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Rapids of Kern River, California, USA.

Rapids are sections of a river where the river bed has a relatively steep gradient, causing an increase in water velocity and turbulence. Flow, gradient, constriction, and obstacles are four factors that are needed for a rapid to be created.

Physical factors[edit]

Rapids are hydrological features between a run (a smoothly flowing part of a stream) and a cascade. Rapids are characterized by the river becoming shallower with some rocks exposed above the flow surface.[1] As flowing water splashes over and around the rocks, air bubbles become mixed in with it and portions of the surface acquire a white color, forming what is called "whitewater". Rapids occur where the bed material is highly resistant to the erosive power of the stream in comparison with the bed downstream of the rapids. Very young streams flowing across solid rock may be rapids for much of their length. Rapids cause water aeration of the stream or river, resulting in better water quality.[2]

For a rapid to form, a necessary condition is the presence of a gradient, which refers to the river or stream's downward slope. When a river has a larger gradient, the water flows downhill faster.[3] Gradients are typically measured in feet per mile.[4] This impacts the river's flow or discharge, which is measured as a volume of water per unit of time. The faster the water flows, the more likely a rapid will form.[3]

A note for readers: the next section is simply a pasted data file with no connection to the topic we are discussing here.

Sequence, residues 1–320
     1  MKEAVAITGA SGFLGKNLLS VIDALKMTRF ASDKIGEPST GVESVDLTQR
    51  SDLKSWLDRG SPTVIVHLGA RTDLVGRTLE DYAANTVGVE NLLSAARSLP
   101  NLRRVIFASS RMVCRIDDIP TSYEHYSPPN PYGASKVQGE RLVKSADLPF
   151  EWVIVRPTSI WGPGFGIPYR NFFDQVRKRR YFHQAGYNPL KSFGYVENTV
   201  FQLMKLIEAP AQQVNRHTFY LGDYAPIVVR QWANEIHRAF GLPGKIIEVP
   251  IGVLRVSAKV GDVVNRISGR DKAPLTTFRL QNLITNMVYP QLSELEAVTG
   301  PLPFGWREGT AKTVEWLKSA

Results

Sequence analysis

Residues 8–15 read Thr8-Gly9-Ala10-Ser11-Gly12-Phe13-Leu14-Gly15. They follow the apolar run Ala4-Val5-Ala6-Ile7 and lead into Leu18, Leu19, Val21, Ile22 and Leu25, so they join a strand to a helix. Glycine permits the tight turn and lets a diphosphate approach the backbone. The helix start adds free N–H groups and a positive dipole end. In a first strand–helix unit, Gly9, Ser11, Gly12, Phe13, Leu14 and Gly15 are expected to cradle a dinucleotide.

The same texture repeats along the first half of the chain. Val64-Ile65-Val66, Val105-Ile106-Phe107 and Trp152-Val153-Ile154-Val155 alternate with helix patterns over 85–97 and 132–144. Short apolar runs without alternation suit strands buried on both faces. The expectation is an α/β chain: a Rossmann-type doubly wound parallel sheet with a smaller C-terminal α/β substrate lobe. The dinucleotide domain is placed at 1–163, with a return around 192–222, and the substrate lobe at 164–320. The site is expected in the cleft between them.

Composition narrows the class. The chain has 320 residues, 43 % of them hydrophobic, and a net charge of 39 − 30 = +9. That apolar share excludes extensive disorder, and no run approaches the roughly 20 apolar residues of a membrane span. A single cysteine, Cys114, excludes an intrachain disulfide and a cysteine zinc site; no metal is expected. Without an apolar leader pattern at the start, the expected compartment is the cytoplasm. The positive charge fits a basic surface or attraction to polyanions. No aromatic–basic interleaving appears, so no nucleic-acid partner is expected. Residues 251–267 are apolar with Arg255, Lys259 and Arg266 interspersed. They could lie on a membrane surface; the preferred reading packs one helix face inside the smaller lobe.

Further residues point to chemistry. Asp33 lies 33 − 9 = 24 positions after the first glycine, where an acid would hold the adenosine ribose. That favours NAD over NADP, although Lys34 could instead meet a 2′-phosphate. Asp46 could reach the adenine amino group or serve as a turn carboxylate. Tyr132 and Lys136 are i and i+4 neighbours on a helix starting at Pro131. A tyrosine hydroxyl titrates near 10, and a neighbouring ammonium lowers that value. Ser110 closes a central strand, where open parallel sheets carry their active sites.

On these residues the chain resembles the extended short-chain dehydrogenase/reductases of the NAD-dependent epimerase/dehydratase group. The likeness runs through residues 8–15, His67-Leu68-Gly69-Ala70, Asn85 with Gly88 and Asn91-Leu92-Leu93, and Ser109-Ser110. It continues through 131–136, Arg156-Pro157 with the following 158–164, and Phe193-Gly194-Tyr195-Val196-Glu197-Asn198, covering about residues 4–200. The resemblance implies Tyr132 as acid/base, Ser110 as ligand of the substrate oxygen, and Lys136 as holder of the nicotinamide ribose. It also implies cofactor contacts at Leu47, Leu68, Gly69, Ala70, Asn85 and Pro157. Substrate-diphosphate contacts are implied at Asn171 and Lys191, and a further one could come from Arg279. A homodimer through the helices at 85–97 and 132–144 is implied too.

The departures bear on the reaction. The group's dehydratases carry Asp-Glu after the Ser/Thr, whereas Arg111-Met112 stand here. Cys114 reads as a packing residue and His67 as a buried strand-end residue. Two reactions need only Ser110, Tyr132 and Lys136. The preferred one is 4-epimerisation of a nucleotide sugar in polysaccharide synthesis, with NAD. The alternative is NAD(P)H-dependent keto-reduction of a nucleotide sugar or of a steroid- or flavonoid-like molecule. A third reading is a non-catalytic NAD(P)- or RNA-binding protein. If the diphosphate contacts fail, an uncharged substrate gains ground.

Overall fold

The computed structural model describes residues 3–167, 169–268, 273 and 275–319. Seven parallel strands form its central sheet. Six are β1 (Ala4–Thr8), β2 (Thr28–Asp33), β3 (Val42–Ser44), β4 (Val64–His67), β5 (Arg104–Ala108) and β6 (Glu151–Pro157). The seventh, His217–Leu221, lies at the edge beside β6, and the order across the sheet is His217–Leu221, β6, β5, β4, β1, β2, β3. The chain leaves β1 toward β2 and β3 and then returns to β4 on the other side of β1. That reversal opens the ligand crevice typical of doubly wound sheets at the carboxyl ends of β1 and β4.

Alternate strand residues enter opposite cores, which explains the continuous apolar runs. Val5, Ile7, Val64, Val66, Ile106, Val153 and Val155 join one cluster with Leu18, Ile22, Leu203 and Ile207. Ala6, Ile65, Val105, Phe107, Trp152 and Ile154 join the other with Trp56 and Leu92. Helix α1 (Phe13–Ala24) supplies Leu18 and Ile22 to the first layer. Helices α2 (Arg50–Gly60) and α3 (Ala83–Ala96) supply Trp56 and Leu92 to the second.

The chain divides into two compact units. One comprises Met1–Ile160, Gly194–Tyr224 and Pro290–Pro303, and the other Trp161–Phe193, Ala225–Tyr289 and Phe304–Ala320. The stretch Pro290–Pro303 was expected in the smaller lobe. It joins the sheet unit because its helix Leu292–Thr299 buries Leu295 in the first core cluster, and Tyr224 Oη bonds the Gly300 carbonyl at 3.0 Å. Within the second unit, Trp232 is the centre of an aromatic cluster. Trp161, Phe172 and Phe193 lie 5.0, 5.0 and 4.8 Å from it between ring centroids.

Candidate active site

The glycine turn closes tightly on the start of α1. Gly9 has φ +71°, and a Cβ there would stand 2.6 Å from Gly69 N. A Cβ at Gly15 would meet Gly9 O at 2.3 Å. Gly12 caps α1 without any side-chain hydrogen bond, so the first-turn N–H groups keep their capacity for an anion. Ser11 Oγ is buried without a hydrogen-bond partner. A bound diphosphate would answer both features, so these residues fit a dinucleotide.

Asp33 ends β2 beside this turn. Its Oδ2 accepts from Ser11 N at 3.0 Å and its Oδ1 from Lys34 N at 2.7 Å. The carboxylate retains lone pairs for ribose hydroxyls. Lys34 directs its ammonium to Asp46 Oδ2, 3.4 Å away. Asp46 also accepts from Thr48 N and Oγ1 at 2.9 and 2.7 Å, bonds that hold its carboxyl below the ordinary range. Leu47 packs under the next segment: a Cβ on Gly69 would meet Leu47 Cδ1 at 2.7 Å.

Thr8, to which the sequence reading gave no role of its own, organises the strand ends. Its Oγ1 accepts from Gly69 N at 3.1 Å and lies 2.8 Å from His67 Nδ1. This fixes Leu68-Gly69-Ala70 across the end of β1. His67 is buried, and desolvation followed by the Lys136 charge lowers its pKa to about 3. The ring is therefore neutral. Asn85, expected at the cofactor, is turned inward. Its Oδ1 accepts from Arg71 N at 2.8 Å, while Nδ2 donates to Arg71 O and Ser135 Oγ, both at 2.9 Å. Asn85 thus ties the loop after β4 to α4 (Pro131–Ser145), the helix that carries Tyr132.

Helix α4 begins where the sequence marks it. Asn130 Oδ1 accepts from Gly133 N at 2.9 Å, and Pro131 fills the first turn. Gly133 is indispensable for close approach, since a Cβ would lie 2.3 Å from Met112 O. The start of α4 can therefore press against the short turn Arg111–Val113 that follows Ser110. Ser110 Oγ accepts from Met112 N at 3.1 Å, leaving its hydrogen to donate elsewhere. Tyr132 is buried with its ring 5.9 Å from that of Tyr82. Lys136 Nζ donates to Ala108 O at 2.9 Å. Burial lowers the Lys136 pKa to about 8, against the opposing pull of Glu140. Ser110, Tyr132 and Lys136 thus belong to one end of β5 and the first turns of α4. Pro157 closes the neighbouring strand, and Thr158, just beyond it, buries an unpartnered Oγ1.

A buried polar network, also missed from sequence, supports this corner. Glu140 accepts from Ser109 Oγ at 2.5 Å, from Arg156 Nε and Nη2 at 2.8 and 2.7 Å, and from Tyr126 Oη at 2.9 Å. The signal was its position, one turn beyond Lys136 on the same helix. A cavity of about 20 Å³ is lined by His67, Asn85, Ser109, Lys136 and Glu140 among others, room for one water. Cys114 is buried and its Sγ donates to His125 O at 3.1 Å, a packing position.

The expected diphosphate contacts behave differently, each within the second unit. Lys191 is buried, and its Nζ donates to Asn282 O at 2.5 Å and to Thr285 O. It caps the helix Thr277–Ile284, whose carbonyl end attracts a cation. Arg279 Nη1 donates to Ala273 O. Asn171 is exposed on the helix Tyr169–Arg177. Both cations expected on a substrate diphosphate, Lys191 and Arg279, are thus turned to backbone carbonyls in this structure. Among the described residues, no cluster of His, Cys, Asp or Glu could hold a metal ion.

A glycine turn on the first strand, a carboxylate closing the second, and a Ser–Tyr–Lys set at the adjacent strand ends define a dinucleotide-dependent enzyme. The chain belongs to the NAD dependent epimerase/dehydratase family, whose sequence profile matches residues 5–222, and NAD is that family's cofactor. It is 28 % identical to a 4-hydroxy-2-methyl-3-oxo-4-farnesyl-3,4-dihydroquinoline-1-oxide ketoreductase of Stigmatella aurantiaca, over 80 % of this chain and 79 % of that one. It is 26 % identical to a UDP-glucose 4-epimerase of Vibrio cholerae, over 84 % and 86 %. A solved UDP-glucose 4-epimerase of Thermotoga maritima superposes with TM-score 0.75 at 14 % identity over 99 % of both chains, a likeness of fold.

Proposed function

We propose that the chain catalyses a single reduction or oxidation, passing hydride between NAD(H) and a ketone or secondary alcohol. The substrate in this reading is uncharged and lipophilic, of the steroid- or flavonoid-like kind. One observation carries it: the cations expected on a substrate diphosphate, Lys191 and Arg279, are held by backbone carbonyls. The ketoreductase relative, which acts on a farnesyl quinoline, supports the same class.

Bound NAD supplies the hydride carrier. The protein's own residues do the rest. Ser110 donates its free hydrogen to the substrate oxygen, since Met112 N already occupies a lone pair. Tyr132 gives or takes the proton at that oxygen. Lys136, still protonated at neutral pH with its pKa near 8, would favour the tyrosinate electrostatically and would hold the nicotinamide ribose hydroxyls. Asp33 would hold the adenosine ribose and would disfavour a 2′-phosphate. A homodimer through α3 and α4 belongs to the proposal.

Rapids are categorized in classes, generally running from I to VI.[2] A Class 5 rapid may be categorized as Class 5.1-5.9. While Class I rapids are easy to navigate and require little maneuvering, Class VI rapids pose threat to life with little or no chance for rescue.[5] River rafting sports are carried out where many rapids are present in the course.

Constriction refers to when rivers flow through narrower channels, thus increasing the velocity of the water. This may also lead to the creation of obstructions due to sediment transportation and erosion. Obstacles may occur by human activity, natural landslides and earthquakes, or accumulation of sediment or debris. The more prominent these four factors are present in a river, the more likely that river is to be a rapid river.[6]


See also[edit]


  1. ^ "Rapids". National Geographic. Retrieved February 20, 2024.
  2. ^ a b "Rapids - redzet.lv". www.redzet.lv. Retrieved 2024-05-01.
  3. ^ a b "Rapids". education.nationalgeographic.org. Retrieved 2024-05-01.
  4. ^ Stream Gradient (PDF). Creek Connections Topographic Map Module.
  5. ^ "Whitewater Rapid Classification System - River Difficulty Classification". kayakbase.com. 2019-02-18. Retrieved 2022-08-21.
  6. ^ Nelson, Stephen (November 3, 2015). Streams and Drainage Systems.

External links[edit]